An Inward Look, An Outward Expression

There is a radio program here that I enjoy listening to in the evenings called “Delilah.” It is a program geared towards love and relationships and plays “sappy love songs” (think BeeGees) until your heart’s content. During the program, Delilah will take callers. Being of the “my dirty laundry is my own” persuasion I am amazed at the callers’ candidness and of Delilah’s graciousness at pointing out, in some cases, the caller’s contribution to the failure of the marriage or relationship.


To wrap up, she will usually leave the listeners with some positive message and encouragement. On one particular evening, she challenged her listeners to perform a random act of kindness for someone the next day. She suggested pumping gas for an elderly person, helping a busy mom load groceries in her car, allowing someone to go in front of you in a long line at a fast food or grocery, and so on.


The challenge really made me think about my own contribution to the greater good. Delilah often speaks of God’s love (imagine that coming across liberal airwaves, but it does, just the same) and how we can be comforted by it and should share it with others. Jesus’ life and death is the epitome of showing love for others. Jesus did not have the Internet or a cell phone or a TV or a newspaper or any of the other thousands of distractions we have that draw us inward, but even if he did I still think he would have made others his focus.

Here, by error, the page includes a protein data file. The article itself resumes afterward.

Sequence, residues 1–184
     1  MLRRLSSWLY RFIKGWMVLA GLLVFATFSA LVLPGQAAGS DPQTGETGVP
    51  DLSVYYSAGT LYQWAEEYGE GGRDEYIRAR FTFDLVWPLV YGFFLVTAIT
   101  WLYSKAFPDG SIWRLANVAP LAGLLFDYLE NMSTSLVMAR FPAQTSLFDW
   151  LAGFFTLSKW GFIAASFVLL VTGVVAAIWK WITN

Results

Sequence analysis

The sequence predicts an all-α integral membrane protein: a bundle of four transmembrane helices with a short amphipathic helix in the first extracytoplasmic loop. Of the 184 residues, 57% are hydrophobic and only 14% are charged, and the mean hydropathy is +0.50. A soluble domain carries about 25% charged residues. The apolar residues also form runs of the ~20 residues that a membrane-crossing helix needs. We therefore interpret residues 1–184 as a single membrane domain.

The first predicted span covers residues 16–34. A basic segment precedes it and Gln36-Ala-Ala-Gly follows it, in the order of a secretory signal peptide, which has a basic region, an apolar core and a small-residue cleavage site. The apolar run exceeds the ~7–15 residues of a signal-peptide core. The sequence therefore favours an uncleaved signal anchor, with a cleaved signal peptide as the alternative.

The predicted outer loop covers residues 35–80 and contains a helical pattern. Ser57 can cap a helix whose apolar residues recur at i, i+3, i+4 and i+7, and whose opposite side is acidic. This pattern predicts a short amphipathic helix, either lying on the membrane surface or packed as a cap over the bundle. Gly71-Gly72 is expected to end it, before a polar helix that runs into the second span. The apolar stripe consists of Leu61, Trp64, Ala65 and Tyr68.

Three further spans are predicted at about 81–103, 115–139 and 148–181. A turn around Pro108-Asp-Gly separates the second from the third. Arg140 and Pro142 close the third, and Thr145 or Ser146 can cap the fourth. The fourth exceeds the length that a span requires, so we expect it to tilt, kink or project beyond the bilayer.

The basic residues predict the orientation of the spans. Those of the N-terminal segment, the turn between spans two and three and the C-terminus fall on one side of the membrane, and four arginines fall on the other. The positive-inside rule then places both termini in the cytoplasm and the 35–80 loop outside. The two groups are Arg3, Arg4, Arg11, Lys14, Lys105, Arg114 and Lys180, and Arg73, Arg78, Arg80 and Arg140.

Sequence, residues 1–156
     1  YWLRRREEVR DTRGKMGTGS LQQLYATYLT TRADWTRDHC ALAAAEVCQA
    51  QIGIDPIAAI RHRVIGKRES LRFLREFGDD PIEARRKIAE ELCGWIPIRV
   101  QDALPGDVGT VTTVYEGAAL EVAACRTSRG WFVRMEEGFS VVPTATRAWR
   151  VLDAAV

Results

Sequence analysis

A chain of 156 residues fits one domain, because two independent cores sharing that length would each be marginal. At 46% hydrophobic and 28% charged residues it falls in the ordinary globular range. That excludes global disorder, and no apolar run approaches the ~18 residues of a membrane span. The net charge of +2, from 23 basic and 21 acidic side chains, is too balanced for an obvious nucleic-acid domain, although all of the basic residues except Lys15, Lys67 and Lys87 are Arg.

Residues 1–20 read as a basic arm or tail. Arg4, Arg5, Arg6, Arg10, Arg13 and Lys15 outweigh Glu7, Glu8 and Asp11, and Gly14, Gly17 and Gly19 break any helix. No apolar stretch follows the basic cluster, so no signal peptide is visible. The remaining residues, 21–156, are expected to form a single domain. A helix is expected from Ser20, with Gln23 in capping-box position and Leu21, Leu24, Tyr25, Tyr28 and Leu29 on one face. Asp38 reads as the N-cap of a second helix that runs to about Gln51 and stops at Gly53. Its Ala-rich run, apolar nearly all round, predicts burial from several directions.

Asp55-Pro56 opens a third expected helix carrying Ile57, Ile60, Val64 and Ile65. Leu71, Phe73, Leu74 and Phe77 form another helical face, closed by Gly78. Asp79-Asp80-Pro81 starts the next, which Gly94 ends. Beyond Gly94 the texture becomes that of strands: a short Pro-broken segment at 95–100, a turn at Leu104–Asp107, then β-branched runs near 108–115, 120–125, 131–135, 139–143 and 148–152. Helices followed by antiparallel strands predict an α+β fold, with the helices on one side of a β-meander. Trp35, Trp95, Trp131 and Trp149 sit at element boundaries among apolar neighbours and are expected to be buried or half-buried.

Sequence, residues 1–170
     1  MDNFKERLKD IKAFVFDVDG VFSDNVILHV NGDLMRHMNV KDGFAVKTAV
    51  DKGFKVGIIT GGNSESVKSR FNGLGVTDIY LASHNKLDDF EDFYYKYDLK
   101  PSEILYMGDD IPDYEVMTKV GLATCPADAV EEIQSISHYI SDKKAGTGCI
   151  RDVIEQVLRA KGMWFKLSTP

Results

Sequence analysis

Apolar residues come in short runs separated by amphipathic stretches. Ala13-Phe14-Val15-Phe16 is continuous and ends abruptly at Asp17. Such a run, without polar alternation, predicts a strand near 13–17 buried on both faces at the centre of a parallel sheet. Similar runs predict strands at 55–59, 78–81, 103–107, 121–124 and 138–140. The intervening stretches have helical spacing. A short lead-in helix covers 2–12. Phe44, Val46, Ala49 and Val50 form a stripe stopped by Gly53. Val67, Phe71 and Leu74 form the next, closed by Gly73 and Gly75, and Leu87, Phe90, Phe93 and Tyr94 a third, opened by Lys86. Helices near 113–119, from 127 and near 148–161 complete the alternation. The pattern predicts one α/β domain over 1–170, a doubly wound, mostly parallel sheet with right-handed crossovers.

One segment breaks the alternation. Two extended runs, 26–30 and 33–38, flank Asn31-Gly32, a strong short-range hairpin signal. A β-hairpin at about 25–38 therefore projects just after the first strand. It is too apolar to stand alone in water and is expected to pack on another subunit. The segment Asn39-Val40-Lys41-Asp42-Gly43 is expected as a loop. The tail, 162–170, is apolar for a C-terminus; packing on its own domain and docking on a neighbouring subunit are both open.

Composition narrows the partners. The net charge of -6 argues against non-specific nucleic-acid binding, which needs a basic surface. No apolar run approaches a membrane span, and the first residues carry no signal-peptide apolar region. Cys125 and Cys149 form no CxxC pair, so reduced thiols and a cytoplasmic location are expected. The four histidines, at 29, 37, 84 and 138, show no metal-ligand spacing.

Say he was in the middle of performing a miracle, like healing the lame or forgiving a woman of her sins and his cell phone rang, I doubt that he would have stopped suddenly and said, “I’m sorry, I have to take this.” If he was answering important questions from his disciples or from the many who followed him, I doubt he would have paused and said, “Let me Google that and get back with you.” No, he would have quickly consulted his heavenly Father, as always, and then spoke to the people from his heart.


I’m as guilty as the next person for not reaching out and showing love to others. As we become more and more crowded as a nation and as society’s demands to stay ahead increase in intensity, “circling the wagons” and keeping my personal contacts only at my fingertips has tremendous appeal. I would challenge us, though, to live the life Christ set before us, placing people and relationships first.


This would mean, turning off our cell phones while we’re on an outing or at a restaurant with family or friends. It would mean picking up the phone and calling a friend that needs to hear from you. It would mean handwriting a letter to show your interest and that you took time for the recipient. It would mean giving your undivided attention to the overworked retail person who’s trying to assist you. And it would mean walking out of your home and shaking the hands of mailmen and, yes, garbage men who service your street each day. These are just a few; there are thousands of other ways we could show love and appreciation for the human race.


We’re all in this together after all. The “bear in the boardroom,” the lady at the tollbooth and everyone in between want the same thing: something that will make their lives better, sharper, clearer. Google can’t provide this for us and neither can that last minute email or cellphone call. But an outward expression of kindness towards others may be part of the healing balm for which we search. Christ knew this, Delilah knows this, isn’t it time we learned?


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